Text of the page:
By ANGELA SHAH
DUBAI — For the clients of the investment adviser Manoj Prasad, “distressed property” in this Gulf emirate has an unlikely new address: the world’s tallest tower.
“They have money and want a place here to entertain clients and guests, and have a holiday home for when they transit through,” Mr. Prasad said — but they also want reduced prices for their piece of the 828-meter, or 2,717-foot, tower. “They are definitely viewing this as a distressed property.”
How the Burj Khalifa, among the world’s most luxurious properties, can be considered distressed helps to illustrate the extent of the downturn in Dubai’s real estate market in recent years.
Two years ago, the tower held a glitzy, fireworks-themed grand opening that attracted worldwide news coverage. But by October 2010 apartment prices at the Burj Khalifa had dropped 40 percent and they have yet to recover.
In fact, the city center of Dubai, which includes the Burj Khalifa, was one of two neighborhoods that experienced declines of 11 percent in apartment prices in December 2011 compared with the previous year, according to the real estate agency Jones Lang LaSalle. That was the largest drop in the emirate.
Five years ago, Anil Gehani, an Indian, bought two Khalifa units before construction began, a one-bedroom and a two-bedroom. Initially, he watched the value leap from 2,200 dirhams, or $599, per square foot — equivalent to $6,440 per square meter — to 7,000 dirhams per square foot in 2008.
Then, as the worst of the real estate crisis gripped Dubai’s market in 2009, values “came down really bad,” well below his purchase price, he said.
Three months ago, deciding that he had had enough, he sold both units. “It didn’t appreciate very much,” he said. “I made some small profit and got out. I thought I would move the money into a better investment in India.”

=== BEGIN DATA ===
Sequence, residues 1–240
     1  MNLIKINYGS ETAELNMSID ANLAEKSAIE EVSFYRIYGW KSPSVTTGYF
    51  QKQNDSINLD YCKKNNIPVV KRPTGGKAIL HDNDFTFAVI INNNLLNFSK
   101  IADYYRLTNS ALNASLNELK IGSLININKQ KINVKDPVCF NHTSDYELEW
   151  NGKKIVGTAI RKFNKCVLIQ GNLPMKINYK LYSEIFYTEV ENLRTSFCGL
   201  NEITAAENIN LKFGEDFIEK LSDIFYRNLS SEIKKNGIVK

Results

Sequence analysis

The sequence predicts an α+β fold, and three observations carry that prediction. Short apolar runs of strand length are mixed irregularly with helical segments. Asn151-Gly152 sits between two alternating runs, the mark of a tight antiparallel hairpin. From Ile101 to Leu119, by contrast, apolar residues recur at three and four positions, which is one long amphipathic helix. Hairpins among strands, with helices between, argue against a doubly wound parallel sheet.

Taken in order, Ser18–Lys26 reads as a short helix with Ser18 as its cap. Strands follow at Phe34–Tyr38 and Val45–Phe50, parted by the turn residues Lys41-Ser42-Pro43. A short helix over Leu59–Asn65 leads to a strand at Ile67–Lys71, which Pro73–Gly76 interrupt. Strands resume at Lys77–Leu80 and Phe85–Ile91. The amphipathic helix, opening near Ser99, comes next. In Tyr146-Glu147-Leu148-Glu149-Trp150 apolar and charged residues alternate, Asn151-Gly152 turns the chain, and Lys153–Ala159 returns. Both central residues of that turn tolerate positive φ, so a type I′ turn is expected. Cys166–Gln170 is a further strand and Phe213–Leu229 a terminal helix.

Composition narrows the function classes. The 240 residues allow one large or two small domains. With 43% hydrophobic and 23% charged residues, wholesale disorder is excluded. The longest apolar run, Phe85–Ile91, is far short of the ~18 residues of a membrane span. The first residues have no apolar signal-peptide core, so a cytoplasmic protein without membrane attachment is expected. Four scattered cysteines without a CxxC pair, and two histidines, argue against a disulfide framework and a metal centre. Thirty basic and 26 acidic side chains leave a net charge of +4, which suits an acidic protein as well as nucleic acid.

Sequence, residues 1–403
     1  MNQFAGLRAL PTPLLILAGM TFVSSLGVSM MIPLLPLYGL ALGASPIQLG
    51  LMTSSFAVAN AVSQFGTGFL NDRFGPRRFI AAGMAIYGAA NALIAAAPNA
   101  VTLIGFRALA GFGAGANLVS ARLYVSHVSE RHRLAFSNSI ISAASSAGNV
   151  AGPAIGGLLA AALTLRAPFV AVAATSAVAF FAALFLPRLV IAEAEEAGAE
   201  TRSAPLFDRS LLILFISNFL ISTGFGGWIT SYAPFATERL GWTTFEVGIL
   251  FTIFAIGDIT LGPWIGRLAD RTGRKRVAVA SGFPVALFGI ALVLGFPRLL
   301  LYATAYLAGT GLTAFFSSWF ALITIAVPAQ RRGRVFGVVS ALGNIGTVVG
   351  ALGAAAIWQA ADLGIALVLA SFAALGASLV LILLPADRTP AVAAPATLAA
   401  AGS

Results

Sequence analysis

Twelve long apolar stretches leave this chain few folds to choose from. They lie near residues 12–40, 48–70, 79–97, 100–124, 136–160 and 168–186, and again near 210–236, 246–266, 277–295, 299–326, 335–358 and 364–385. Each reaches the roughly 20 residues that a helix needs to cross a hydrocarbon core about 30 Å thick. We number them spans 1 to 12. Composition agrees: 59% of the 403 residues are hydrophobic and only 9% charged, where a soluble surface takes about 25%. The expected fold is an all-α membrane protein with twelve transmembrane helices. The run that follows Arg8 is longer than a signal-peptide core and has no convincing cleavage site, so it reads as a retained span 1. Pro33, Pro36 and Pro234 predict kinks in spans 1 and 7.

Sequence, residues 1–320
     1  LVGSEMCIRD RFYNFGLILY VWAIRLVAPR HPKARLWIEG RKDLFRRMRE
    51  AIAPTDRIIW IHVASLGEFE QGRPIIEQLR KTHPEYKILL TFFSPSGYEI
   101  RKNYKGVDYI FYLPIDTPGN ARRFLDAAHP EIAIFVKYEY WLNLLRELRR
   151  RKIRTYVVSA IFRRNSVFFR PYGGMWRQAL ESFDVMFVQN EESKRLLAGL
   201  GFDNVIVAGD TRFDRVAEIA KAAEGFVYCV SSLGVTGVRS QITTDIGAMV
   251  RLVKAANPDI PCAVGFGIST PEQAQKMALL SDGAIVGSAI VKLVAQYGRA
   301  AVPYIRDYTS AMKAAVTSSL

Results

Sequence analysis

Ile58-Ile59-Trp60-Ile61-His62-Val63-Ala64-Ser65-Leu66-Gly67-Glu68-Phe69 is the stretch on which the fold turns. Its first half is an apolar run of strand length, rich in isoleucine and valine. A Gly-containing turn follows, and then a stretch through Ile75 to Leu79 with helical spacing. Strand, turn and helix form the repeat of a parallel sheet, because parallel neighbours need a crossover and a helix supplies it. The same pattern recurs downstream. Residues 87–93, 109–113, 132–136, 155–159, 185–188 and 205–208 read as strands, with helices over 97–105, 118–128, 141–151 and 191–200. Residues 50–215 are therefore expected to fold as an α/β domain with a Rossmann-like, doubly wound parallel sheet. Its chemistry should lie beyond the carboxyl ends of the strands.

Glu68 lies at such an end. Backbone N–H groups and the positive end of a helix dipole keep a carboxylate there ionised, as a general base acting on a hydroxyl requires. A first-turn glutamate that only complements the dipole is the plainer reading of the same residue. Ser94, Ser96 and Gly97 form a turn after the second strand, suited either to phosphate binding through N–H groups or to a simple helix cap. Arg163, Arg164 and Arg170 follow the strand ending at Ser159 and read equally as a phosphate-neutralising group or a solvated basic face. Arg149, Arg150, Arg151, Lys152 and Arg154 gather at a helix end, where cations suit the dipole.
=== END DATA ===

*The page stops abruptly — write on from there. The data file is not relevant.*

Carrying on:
Similarly, Imad Ben Khadra, a Moroccan expatriate, paid 3.5 million dirhams for two one-bedroom units on the tower’s 21st and 22nd floors in late 2008.
Six months ago, after more than a year of trying to find long-term renters, he sold them for about a third less than he paid.
Yet even though the Burj Khalifa values have dropped, real estate analysts say they believe it is one of a handful of local projects where prices have stabilized. Currently, real estate agents say the average price per square foot for tower apartments is around 2,200 dirhams.
In the city center, prices have fallen about 40 percent since their peak in late 2008, according to Craig Plumb, head of research for Jones Lang LaSalle’s Middle East and North Africa consulting business. Values have dropped 60 percent for the city over all, where the average price per square foot is now around 890 dirhams, and even more in developments further into the desert, away from Dubai’s main business towers and beaches.
Continued devaluation of many apartment projects is expected this year, especially as an additional 25,000 units are expected to be completed and come on the market in 2012. There are already 340,000 apartments and villas in the emirate.
A year ago, crises in Egypt and Bahrain briefly gave a boost to Dubai’s beleaguered real estate market, as executives and their families sought a more secure post in the Middle East. But as the year ended, the problems resurfaced and there were few significant sales in the Dubai market during the second half of 2011, according to Jones Lang LaSalle.
Sales were not helped by headlines like those about Nakheel, the developer of the Palm Jumeirah development, which has been in dispute with owners and tenants over what it says are unpaid service fees. The developer has restricted residents’ access to the beach, pool and even parking garages. In response, residents recently called the police to complain about safety hazards related to the closing of the back doors on 10 apartment buildings overlooking the beach.
“This uncertainty over fees — some of these fees are being levied going back to 2008 or 2009 — creates more uncertainty about the real estate market over all,” said Ludmila Yamalova, a real estate attorney in Dubai. “It does not encourage confidence.”
As a real estate developer himself, Murali Jalan acknowledges that the sector in Dubai has seen better days. He purchased a two-bedroom, 1,800-square-foot apartment in the Burj Khalifa in May 2007. He paid about 3,000 dirhams per square foot, which is about where he estimates values are now.
He does not expect the Dubai market to recover for at least two more years. Still, he remains a fan of the building, no matter the cost now. “Even today, I don’t have regrets” about buying in the tower, he said.
Dr. B.R. Shetty, chief executive of NMC Group, a health care company with clinics and hospitals throughout the United Arab Emirates, also spoke of the value of the tower’s iconic status: “What better address than ‘B.R. Shetty, Burj Khalifa, Dubai’?”